Jan 28, 2009, 1:01:09 AM1/28/09
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Hi, Dhaivat ji & Anand ji.
Good interesting inf.
Forage and fodder
In part of its range smallstock consume the pods and leaves, but elsewhere it is also very popular with cattle. Pods are used as a supplement to poultry rations in India. Dried pods are particularly sought out by animals on rangelands. In India branches are commonly lopped for fodder. Pods are best fed dry as a supplement, not as a green fodder.
A. nilotica makes a good protective hedge because of its thorns.
According to Hartwell, African Zulu take bark for cough. It acts as an astringent and it is used to treat diarrhea, dysentery, and leprosy.
Bark and root
Maasai are intoxicated by the bark and root decoction, said to impart courage, even aphrodisia, and the root is said to cure impotence.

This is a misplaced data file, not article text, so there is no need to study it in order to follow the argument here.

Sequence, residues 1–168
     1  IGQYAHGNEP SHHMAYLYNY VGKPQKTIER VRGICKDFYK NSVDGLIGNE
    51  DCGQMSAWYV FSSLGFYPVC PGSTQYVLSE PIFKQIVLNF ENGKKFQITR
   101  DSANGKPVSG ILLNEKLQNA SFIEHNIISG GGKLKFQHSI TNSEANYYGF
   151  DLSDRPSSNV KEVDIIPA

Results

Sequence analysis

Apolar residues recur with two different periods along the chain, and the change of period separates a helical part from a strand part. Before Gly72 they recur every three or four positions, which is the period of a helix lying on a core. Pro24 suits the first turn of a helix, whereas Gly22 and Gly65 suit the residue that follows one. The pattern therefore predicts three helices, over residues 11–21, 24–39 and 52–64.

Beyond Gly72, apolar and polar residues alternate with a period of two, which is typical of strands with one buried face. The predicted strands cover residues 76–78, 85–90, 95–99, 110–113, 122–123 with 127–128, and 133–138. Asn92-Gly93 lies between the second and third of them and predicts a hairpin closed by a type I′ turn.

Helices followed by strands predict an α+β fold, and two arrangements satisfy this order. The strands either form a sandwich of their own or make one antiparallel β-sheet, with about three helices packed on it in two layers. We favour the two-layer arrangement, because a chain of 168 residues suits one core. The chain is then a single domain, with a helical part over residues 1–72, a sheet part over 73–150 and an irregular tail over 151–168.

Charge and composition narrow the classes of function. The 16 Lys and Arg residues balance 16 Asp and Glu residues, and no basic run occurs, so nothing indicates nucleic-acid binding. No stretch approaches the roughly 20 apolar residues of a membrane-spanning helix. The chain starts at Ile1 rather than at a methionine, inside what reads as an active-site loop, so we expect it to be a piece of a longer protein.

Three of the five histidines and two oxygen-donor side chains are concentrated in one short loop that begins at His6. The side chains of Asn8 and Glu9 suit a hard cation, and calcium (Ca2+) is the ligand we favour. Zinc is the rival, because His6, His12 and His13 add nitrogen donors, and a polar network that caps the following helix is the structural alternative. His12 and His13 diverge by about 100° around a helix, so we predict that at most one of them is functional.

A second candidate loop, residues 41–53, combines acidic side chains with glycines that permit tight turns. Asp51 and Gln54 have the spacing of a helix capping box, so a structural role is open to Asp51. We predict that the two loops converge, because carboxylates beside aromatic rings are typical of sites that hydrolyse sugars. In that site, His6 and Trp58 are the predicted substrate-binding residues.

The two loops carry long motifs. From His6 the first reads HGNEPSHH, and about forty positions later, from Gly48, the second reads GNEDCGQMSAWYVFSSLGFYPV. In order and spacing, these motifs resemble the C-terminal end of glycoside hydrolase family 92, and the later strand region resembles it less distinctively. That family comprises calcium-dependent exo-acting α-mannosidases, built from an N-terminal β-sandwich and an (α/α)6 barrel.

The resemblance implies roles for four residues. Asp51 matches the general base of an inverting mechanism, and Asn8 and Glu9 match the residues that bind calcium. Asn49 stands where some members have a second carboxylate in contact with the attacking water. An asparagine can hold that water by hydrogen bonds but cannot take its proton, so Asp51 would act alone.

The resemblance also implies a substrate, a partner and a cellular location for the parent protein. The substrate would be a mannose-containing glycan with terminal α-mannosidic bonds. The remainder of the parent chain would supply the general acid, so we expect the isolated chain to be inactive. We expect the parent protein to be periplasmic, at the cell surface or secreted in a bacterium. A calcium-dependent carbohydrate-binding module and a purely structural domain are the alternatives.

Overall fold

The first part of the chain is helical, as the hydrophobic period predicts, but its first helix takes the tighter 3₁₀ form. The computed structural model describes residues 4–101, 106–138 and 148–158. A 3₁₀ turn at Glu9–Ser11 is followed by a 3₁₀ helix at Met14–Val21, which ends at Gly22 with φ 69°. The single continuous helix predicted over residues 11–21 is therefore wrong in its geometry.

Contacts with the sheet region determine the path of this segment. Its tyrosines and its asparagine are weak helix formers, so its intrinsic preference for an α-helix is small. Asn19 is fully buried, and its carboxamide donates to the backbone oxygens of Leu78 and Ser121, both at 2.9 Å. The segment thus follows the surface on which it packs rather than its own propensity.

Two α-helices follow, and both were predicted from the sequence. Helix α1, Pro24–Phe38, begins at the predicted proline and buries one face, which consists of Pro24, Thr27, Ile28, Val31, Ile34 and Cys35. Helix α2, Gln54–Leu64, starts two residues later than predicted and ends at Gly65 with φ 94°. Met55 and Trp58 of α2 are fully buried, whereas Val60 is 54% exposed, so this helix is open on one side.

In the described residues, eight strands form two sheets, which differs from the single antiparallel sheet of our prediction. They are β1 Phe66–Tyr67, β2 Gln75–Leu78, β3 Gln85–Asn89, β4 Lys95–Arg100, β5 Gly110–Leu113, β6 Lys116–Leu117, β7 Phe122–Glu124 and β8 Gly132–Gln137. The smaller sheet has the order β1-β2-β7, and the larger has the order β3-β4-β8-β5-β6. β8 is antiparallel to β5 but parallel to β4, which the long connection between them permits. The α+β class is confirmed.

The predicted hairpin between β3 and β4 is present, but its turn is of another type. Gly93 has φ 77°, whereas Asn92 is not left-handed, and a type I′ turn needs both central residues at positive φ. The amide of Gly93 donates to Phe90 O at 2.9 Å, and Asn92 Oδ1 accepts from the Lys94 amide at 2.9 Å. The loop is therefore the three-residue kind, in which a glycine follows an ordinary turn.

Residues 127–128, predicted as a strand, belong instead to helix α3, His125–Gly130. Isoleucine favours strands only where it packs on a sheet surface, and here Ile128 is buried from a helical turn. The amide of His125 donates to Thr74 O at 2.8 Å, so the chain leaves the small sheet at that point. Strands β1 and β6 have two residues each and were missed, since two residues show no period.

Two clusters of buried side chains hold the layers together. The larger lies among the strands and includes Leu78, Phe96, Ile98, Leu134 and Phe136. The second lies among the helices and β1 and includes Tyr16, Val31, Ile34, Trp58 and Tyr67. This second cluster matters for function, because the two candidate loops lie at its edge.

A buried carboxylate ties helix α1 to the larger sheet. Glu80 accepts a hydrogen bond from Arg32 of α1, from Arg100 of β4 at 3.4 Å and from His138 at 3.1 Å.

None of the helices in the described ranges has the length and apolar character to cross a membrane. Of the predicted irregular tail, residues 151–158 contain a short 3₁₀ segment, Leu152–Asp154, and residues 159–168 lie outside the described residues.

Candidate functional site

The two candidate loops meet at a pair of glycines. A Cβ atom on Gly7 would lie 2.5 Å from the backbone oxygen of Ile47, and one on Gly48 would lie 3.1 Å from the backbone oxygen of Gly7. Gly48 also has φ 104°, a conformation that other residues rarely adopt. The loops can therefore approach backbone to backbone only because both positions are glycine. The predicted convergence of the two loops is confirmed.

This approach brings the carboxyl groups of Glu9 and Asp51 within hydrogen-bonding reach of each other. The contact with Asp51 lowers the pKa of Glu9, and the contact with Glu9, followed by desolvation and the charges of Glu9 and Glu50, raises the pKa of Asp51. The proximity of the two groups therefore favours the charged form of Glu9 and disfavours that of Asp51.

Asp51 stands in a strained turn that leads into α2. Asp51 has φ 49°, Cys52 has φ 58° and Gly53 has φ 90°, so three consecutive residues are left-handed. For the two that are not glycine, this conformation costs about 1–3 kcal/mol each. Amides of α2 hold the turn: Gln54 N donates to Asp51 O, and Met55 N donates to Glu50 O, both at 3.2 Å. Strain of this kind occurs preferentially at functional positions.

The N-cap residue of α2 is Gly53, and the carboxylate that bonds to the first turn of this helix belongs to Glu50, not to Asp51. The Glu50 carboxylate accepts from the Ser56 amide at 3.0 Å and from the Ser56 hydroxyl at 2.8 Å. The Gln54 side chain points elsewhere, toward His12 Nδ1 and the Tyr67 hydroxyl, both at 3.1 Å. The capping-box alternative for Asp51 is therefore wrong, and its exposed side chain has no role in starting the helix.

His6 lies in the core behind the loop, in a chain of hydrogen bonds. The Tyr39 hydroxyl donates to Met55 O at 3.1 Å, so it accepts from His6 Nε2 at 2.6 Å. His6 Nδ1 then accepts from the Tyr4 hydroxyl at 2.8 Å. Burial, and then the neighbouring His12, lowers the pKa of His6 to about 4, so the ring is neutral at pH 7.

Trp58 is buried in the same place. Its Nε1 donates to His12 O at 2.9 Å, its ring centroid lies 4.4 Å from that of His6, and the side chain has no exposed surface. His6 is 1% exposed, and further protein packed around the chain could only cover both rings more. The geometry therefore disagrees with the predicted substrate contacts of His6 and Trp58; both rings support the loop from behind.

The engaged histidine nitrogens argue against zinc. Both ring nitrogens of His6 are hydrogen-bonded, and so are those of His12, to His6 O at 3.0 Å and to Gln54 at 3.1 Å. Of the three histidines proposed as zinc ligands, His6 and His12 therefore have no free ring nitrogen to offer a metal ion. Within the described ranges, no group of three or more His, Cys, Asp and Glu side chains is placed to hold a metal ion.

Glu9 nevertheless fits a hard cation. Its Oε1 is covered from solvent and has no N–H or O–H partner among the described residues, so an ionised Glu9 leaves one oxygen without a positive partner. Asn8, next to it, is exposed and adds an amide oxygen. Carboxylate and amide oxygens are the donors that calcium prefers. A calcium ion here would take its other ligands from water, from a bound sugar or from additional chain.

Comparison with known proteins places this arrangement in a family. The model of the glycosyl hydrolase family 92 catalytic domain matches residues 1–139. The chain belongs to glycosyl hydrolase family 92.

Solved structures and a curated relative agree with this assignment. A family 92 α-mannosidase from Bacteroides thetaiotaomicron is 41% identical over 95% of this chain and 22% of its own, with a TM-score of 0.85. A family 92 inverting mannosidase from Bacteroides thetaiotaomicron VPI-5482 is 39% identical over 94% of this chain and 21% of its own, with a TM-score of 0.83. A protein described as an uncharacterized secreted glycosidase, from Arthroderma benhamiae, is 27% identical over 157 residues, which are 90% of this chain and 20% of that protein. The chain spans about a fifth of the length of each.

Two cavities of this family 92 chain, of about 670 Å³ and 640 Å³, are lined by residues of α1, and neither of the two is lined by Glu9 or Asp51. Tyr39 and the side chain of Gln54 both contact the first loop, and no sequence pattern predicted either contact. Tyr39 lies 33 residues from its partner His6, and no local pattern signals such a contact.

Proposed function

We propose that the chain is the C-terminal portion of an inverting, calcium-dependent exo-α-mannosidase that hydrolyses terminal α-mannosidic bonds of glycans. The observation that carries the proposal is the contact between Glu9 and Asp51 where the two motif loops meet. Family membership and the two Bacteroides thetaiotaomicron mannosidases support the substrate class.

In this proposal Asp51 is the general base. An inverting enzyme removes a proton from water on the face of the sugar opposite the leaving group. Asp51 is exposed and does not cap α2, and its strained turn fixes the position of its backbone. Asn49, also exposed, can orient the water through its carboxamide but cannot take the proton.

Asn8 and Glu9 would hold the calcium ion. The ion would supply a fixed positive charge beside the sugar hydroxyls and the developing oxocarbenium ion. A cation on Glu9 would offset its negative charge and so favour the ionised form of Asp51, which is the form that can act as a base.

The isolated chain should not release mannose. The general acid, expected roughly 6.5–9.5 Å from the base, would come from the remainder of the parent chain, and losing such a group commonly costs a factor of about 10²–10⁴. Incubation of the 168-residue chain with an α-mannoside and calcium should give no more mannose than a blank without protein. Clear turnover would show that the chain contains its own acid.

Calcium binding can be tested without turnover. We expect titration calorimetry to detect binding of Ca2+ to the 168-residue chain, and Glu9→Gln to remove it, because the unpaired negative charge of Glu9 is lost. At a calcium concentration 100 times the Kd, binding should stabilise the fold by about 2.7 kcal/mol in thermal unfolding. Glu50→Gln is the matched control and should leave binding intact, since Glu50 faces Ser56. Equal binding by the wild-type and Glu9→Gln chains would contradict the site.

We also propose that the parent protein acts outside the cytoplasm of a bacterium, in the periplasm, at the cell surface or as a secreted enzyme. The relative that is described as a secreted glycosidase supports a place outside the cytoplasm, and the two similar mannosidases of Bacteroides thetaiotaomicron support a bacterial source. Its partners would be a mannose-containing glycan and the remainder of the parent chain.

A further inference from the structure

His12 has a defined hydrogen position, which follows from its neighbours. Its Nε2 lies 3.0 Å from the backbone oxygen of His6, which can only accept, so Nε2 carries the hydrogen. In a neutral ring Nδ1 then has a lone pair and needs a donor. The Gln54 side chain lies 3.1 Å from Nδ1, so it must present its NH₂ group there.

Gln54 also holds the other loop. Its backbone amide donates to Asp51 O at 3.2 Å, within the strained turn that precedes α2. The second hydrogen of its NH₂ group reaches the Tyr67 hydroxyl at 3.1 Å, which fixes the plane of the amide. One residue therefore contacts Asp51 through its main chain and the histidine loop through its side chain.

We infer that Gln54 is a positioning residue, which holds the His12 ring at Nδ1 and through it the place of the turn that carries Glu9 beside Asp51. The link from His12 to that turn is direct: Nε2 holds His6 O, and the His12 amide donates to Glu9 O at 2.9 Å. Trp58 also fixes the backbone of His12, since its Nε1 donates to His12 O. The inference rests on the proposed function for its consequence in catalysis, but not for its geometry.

Bark or gum
In West Africa, the bark or gum is used to treat cancers and/or tumors (of ear, eye, or testicles) and indurations of liver and spleen, condylomas, and excess flesh.
Sap or bark, leaves, and young pods are strongly astringent due to tannin, and are chewed in Senegal as an antiscorbutic.
The bruised leaves are poulticed and used to treat ulcers.
In Lebanon, the resin is mixed with orange-flower infusion for typhoid convalescence.
The Chipi use the root for tuberculosis. In Tonga, the root is used to treat tuberculosis.
Egyptian Nubians believe that diabetics may eat unlimited carbohydrates as long as they also consume powdered pods.
In Italian Africa, the wood is used to treat smallpox.
In Ethiopia, certain parts of the tree are used as a lactogogue.
The tree's wood is "very durable if water-seasoned" and its uses include tool handles and lumber for boats. The wood has a density of about 1170 kg/m³.